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Paid Parental Leave Fails Growth Test

13 FEBRUARY 2002

Paid parental leave should not be introduced as it failed to pass the test as a policy that could make a contribution to increasing New Zealand's economic growth outlook, Roger Kerr, executive director of the New Zealand Business Roundtable (NZBR), said today in releasing a submission on the Parental Leave and Employment Protection (Paid Parental Leave) Amendment Bill.

Mr Kerr said the government had made an ambitious commitment to restore New Zealand to the top half of the OECD income rankings. "One of the key tests of any government policy proposal should therefore be whether or not it makes a cost-effective contribution to increasing New Zealand's long-run rate of economic growth", Mr Kerr said.

"Clearly, paid parental leave fails this test. The labour market benefits of paid parental leave are uncertain and a majority of New Zealand workers have demonstrated that they value wages and other benefits more than paid parental leave.

"While the benefits of the proposal are uncertain, its costs are real – in the form of higher taxes, a more rigid labour market and greater compliance and other costs for business. These costs come on top of a number of recent and proposed government initiatives that have made it harder for businesses to succeed in New Zealand", Mr Kerr said.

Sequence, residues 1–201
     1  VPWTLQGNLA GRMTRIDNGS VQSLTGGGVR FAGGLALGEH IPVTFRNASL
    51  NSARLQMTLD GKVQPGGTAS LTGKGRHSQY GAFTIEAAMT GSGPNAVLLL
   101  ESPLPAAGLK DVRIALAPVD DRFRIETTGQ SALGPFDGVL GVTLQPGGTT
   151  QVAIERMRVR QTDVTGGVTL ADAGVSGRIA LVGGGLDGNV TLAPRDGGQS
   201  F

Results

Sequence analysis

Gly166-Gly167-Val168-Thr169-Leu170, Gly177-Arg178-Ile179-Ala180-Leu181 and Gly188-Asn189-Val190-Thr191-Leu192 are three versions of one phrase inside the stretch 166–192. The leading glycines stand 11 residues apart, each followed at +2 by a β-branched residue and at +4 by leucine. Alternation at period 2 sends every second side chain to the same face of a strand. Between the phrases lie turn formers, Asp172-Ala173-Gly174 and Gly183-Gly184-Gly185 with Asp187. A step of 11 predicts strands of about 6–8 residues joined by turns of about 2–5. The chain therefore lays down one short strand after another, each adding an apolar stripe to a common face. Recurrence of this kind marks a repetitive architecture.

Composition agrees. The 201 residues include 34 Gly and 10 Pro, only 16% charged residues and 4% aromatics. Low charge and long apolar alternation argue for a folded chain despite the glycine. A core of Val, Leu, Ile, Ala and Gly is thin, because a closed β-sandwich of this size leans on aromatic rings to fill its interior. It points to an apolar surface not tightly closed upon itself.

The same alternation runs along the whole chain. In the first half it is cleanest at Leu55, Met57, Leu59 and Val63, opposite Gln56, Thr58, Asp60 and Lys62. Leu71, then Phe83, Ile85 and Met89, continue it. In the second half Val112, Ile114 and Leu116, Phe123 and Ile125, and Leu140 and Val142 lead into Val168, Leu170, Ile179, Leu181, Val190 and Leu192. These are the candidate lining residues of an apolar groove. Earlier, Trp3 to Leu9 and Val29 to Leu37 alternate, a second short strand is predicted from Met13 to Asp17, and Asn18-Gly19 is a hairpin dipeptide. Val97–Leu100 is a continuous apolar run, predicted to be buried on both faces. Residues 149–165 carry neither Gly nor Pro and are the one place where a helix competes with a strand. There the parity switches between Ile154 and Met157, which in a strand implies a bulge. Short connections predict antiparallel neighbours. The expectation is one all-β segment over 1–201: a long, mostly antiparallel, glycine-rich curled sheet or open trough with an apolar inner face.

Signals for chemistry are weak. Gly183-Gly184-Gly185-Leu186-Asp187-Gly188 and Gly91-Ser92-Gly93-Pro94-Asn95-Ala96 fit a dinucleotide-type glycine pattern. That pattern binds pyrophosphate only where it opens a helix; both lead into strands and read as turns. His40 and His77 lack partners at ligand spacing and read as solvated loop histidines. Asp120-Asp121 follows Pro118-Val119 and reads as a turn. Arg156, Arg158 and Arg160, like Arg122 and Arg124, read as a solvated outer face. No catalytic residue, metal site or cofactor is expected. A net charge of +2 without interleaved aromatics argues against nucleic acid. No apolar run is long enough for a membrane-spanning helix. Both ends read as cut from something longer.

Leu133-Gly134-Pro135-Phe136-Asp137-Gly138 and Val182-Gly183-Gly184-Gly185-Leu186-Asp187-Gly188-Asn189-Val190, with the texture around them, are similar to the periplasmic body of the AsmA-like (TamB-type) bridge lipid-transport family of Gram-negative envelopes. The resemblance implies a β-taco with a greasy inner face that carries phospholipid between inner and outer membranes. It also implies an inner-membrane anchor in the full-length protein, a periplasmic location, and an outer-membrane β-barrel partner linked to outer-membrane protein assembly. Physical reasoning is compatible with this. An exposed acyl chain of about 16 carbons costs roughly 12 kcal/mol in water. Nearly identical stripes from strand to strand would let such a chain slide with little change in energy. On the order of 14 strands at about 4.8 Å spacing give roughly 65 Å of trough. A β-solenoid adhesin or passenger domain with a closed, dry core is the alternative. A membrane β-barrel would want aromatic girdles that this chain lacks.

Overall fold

"New Zealand is not a high income country and it simply cannot go on legislating for benefits that are not backed by growth in the economy. By doing so it risks killing the geese – firms in the productive sector – that lay the golden eggs."

Mr Kerr said paid parental leave is also unfair as it will advantage a particular group of people – two-earner families – at the expense of other groups such as childless couples, the self-employed, older people and single earner families, many of whom are less well-off than those who will benefit from the scheme. Moreover, families are not strengthened when the state assumes roles that should be performed by parents.

"What New Zealand critically needs are policies aimed at stimulating economic growth and lifting the incomes of all New Zealanders, not more middle class welfare", Mr Kerr said.


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